Poetry That Slaps: Profile of FINE’s Resident Poet, Nikki Burian
Posted in — Apr 27, 2020
As National Poetry Month comes to a close, we celebrate some work that really slaps, as the cool kids say. Whether it slaps or slams or whatever the lingo is, FINE is lucky to have a secret wordsmithing weapon-- our very own published poet, Nikki Burian.
Poet first, project manager second, and all-around non-binary badass, Nikki is on a mission to create fun, authentic art that is accessible to everyone. With two published books and appearances at both national and global slam competitions, Nikki makes big happen one kind, inclusive, and empowering word at a time.
Step inside the mind and vibe that is Nikki Burian.
"I think there’s always a fear that I’ll write something that will be hurtful to someone. Even if all I do these days is write about joy, there is that worry that someone will buy my book, read it, say 'this is so offensive to me' and then burn it - but I ask them to do exactly that anyway, so it doesn’t matter."
Tell us a bit about your creative journey from pre-poetry to slam to publishing to your current Anti-COVID sads good vibe note initiative?
Believe it or not, I used to be highly introverted. I grew up wanting to join show choirs, acting clubs, marching bands - anything performance-based, but I’d get stage anxiety so horrible, it would prevent me from participating in anything. It took me months of attending poetry slams for me to finally read something I wrote. The first time I performed in an open mic, I was met with so much applause, hootin’ & hollerin’, etc., that I felt as if I, out of all the people in the world, had experiences that were worthy of being shared. I walked off of the stage knowing that my voice was super important. That one audience changed the trajectory of not just my art, but my whole life. Now I love and welcome any opportunity for performances, I love public speaking, I love hosting, all of it.
After a few years, I felt like I had enough content to put a physical collection out into the world. I taught myself how to lay out a chapbook in InDesign and printed everything at UPS, and stapled & folded everything on my own. The response I received was wildly motivating. In terms of what I put in books and when I release them, I publish things when I get a feeling. I don’t schedule anything, I don’t set a minimum number of poems to write for each book, I don’t put together a book of older work. As weird as it sounds, it’s just a vibe. An idea for something will worm its way into my brain and I’ll immediately obsessively develop an entire book of poems around it. Everything is written specifically for that idea. For my most recent book, I think I was up scheming until close to 2 or 3 in the morning the night I decided on a central theme.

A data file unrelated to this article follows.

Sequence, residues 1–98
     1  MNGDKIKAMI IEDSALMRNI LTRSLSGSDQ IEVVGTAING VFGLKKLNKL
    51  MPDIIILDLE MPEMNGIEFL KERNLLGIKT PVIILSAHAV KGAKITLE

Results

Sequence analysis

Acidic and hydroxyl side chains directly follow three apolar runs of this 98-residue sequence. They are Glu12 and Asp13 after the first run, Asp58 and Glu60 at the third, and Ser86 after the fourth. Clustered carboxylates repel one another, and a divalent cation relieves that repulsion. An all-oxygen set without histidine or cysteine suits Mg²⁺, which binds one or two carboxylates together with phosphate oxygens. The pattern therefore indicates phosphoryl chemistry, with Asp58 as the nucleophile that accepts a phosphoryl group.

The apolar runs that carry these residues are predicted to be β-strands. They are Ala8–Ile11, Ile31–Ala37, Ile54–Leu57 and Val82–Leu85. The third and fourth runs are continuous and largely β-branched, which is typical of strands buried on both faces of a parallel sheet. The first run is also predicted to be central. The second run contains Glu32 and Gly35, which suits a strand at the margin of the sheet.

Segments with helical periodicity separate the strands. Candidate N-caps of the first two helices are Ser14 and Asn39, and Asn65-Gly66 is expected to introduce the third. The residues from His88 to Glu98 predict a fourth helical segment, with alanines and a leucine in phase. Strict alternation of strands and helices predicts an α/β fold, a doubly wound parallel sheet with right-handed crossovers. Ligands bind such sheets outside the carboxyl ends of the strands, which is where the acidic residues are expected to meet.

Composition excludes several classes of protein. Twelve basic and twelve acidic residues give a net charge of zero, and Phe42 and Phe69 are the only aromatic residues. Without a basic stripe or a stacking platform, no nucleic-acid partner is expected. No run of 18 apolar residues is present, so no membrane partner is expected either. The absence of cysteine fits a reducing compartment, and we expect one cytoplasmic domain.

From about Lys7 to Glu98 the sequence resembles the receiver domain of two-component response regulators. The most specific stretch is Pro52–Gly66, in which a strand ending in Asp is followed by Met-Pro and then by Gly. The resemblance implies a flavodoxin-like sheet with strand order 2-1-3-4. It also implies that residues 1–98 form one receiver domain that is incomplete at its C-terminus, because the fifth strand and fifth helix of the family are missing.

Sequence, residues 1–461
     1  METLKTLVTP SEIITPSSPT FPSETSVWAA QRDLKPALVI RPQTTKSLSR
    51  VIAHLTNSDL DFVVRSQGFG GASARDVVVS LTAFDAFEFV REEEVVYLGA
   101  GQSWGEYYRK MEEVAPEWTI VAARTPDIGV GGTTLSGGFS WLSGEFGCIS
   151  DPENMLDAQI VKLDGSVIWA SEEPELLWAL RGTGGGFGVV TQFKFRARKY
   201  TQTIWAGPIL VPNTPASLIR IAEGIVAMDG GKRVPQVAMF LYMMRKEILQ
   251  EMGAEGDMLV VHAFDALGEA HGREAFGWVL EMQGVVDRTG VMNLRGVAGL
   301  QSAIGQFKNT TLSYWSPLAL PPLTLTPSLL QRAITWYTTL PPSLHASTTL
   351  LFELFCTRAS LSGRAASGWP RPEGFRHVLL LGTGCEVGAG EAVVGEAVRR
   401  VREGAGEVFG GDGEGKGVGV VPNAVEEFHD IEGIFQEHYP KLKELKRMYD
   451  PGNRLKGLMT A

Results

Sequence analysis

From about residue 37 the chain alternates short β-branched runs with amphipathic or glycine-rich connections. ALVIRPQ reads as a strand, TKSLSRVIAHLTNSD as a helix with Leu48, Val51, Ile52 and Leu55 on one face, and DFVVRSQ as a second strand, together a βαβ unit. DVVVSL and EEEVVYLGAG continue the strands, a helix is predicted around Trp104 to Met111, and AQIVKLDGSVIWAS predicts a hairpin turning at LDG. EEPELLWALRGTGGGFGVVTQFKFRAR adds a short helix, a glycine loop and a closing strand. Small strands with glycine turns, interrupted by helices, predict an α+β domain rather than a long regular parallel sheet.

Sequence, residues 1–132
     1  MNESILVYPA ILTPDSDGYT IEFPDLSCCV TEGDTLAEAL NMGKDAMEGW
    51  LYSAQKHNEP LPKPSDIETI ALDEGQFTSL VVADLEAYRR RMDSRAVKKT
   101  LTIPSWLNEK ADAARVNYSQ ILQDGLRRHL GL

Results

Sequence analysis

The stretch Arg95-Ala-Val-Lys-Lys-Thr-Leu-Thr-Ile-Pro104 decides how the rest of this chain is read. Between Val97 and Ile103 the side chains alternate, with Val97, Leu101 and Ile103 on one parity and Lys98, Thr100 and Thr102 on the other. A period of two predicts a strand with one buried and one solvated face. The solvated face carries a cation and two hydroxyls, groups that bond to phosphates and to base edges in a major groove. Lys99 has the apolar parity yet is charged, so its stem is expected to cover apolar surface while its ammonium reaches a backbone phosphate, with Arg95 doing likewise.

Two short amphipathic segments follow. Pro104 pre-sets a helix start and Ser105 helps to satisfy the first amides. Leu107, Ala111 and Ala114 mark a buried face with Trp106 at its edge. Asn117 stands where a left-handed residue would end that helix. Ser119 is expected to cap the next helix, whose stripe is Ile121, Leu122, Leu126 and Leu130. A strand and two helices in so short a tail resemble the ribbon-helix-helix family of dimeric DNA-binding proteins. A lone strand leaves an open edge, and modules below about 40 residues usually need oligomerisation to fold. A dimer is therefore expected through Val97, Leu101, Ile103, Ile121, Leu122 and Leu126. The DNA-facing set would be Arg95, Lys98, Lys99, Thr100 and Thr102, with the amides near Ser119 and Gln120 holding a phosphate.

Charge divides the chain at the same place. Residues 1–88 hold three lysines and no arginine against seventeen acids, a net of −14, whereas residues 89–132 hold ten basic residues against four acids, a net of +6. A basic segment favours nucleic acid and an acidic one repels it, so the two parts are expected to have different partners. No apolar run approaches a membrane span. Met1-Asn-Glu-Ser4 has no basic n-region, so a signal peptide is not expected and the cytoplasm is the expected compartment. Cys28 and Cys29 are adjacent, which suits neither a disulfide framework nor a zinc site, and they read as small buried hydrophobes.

The Anti-COVID-Sads Project was really born out of that same idea. I’ve been trying to think of creative ways to be helpful during this quarantine. I have a relatively decent Instagram following, many of whom I know are fans of my writing. With that, I posted an offer to write people happy little notes and mail them for free, if there was something in particular that would help them feel better while being stuck in isolation. So far, I’ve received 71 requests, all of which I’ve replied to. The requests have been wild and beautiful, and I’m keeping them to use as another book down the line. Maybe after we get through COVID-19.
What or who inspires you to write?
Mike Young is currently my biggest inspiration. His poetry is very matter-of-fact story telling. He’s wicked brilliant. His book Spezzatura helped me find my writing style of “this is how it is. This is how it should be. This is how I think you can get there. Do it or not, I don’t care.” We also live in what I call “The Lizzo Era” - fun, authentic art is so wildly popular and important right now, and poetry has a bad rep as an emotional, sad, difficult-to-understand form of writing. The Lizzo Era has inspired me to try and change that.
How important is accessibility of meaning in your poetry?
It is the single most important aspect of my writing. I remember reading Shakespeare in high school, being completely unable to understand literally anything he was saying. I don’t want to be a writer like that, to be honest. Which isn’t to say I can’t appreciate work that forces you to think, but that’s just not my jam. Saying something as simple as “I know you can be better” will be interpreted by 200 people in 1,000 different ways. I want my writing’s simplicity to be as dense as the reader decides it will be. My books are never written for me, so accessibility is essential.
What are you most proud of?
My first published book, Letters in my Nightstand. Man. It’s not the book I’m proud of, actually. It’s the type of stuff people have said to me after they read it. Stuff like, “I bought this to keep in the library of a queer summer camp for the kids.” Really, I am proud of the ability I have to make people feel really big, important, wonderful emotions.
If you could leave readers with one takeaway, what would it be (aka what is your hope for your audience)?
I want them to know something exists within them right now to get them to where they wish they could be. And that some stuff just is or it just isn’t. But none of that means they can’t go out there and make something so or make it not so.
Where you can find Nikki’s work: